According to the SEC, near the end of BDO’s 2009 audit of General Employment, BDO was advised by the company that $2.3 million purportedly invested in a 90-day nonrenewable CD wasn’t repaid by the bank upon its maturity date. BDO also learned that a bank employee indicated there was no record of a CD being purchased from the bank. The $2.3 million represented approximately half of the company’s assets and substantially all of its cash.

BDO then received multiple conflicting stories from company management and board members about the status of the purported CD, and the company received a series of deposits totaling $2.3 million from three entities unaffiliated with the bank. One entity was purportedly owned by Pence.

After BDO raised more questions, the company claimed the deposits were the proceeds of an agreement to assign the purported CD to an unrelated party in return for the value of the CD. However, BDO never received reasonable and coherent explanations about why the $2.3 million went missing and why an equivalent amount was later received by the company under suspicious circumstances.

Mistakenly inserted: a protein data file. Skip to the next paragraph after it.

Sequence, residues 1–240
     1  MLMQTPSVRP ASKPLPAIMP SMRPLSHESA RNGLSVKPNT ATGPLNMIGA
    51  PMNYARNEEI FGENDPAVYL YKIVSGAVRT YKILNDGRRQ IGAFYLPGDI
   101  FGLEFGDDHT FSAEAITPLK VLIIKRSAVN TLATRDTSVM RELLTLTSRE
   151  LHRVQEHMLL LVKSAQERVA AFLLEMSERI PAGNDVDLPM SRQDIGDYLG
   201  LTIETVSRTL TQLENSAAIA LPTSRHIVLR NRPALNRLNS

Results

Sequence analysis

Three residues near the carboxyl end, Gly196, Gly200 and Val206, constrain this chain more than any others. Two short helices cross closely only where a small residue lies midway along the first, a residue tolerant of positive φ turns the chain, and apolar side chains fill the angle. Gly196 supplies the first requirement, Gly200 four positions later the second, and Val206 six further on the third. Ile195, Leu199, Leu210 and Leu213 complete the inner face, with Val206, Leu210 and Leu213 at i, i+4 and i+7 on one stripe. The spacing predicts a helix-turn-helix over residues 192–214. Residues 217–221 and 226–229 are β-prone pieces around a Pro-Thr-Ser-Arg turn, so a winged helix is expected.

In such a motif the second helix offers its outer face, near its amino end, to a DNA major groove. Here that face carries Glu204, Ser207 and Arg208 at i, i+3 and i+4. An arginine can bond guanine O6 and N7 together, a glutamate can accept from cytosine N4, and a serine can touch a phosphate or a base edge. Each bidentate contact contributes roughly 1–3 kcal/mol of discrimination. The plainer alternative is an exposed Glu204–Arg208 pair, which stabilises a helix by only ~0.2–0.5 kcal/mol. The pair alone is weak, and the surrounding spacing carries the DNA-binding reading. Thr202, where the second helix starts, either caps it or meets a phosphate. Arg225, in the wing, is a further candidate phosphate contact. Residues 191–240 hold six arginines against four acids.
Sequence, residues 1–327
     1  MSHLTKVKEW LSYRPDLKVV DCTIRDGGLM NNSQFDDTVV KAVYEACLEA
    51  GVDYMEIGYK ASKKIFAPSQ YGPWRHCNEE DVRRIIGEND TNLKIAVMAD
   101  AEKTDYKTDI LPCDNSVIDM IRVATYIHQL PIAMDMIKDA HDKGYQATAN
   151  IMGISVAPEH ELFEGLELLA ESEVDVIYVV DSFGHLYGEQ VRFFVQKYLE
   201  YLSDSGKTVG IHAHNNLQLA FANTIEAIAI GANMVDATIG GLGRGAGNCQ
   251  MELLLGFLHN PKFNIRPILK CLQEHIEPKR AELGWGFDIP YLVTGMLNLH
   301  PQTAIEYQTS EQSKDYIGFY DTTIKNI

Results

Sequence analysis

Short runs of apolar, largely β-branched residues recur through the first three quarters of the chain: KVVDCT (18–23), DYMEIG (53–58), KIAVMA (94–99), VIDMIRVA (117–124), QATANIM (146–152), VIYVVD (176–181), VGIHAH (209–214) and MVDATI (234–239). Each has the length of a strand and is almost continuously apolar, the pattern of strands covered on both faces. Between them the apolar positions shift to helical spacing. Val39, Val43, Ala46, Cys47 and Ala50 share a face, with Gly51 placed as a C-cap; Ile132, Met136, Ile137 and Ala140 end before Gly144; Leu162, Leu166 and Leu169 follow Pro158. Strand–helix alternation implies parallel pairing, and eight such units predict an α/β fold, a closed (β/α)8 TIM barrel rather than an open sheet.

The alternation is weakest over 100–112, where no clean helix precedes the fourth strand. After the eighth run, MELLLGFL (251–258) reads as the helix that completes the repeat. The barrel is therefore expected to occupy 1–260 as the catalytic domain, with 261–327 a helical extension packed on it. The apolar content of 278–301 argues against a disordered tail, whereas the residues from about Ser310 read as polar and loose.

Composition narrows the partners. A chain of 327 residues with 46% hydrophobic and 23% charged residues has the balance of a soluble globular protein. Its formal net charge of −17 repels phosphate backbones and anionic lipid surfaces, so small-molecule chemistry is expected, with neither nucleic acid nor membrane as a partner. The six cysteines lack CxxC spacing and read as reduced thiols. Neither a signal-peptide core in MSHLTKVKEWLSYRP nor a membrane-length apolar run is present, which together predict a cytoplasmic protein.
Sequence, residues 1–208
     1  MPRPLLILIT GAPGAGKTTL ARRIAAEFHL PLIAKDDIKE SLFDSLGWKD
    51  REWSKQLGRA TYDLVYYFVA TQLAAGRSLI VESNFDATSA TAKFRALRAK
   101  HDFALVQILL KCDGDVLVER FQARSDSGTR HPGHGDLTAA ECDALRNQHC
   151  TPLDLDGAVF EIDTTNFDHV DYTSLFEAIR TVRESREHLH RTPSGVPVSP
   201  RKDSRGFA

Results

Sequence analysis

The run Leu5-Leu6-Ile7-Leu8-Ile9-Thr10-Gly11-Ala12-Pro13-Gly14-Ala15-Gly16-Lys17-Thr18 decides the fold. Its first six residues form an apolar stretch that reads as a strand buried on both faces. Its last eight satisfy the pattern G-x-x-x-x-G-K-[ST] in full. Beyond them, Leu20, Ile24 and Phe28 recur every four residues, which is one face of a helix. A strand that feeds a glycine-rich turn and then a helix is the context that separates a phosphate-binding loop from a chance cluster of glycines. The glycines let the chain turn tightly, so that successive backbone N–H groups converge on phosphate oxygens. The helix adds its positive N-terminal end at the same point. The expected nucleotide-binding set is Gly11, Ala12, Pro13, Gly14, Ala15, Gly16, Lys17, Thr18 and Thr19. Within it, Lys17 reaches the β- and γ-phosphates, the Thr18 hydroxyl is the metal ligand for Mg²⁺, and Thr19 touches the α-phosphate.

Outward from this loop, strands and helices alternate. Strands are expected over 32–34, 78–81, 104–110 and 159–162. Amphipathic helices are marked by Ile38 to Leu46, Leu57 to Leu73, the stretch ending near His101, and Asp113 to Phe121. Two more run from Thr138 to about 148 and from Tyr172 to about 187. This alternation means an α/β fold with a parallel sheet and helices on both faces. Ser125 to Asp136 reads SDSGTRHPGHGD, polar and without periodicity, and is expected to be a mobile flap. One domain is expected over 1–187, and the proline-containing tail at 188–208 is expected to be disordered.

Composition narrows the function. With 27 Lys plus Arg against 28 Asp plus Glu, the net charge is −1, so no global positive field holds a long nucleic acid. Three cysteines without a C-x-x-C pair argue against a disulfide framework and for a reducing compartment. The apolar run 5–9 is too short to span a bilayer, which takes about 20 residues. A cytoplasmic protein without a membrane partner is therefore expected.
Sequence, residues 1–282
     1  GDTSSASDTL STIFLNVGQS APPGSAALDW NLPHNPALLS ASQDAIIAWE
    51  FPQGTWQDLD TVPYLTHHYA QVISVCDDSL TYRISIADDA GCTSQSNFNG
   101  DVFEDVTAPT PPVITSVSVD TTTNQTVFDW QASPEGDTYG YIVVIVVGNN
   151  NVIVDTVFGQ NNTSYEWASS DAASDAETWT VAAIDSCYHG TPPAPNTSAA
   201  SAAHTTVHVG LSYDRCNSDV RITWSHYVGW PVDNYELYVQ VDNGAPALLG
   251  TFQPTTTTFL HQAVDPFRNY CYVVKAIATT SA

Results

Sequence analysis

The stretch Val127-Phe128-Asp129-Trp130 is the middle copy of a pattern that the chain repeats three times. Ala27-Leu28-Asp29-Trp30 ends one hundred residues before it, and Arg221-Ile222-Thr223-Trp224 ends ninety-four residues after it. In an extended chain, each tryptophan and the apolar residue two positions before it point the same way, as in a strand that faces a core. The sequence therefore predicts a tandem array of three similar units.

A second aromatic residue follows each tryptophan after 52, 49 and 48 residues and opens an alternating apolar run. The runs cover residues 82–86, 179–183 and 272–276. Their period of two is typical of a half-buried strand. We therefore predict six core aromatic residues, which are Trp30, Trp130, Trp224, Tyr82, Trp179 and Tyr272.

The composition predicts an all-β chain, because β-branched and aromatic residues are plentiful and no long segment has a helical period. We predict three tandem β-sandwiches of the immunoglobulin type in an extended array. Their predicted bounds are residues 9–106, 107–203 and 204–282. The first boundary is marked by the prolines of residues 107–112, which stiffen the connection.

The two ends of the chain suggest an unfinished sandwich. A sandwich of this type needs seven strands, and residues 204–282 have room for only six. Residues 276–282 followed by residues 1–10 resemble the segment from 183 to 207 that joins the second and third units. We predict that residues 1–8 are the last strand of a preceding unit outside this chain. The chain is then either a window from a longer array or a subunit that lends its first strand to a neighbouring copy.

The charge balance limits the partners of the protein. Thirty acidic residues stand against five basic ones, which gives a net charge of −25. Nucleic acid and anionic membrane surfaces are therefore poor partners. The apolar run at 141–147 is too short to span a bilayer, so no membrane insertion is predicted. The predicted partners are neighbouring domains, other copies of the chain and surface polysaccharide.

BDO’s engagement partner on the audit, Sean C. Henaghan, and the concurring reviewer, John E. Rainis, subsequently consulted with senior BDO partners, including regional technical director James J. Gerace, national director of accounting Leland E. Graul, and national SEC practice director Wendy M. Hambleton.

BDO then issued a five-page letter to the company highlighting the conflicting information and demanding an independent investigation overseen by the audit committee.

But just days later despite no reasonable explanation from the company, BDO withdrew its demand and subsequently issued unqualified opinions on the financial statements included in General Employment’s 2009 and 2010 annual reports.

Without admitting or denying the SEC’s findings, Henaghan, Rainis, Gerace, and Graul agreed to be suspended from practicing public company accounting for varying periods. Henaghan agreed to pay a $30,000 penalty, Rainis agreed to pay a $15,000 penalty, and Gerace, Graul, and Hambleton each agreed to pay $10,000 penalties.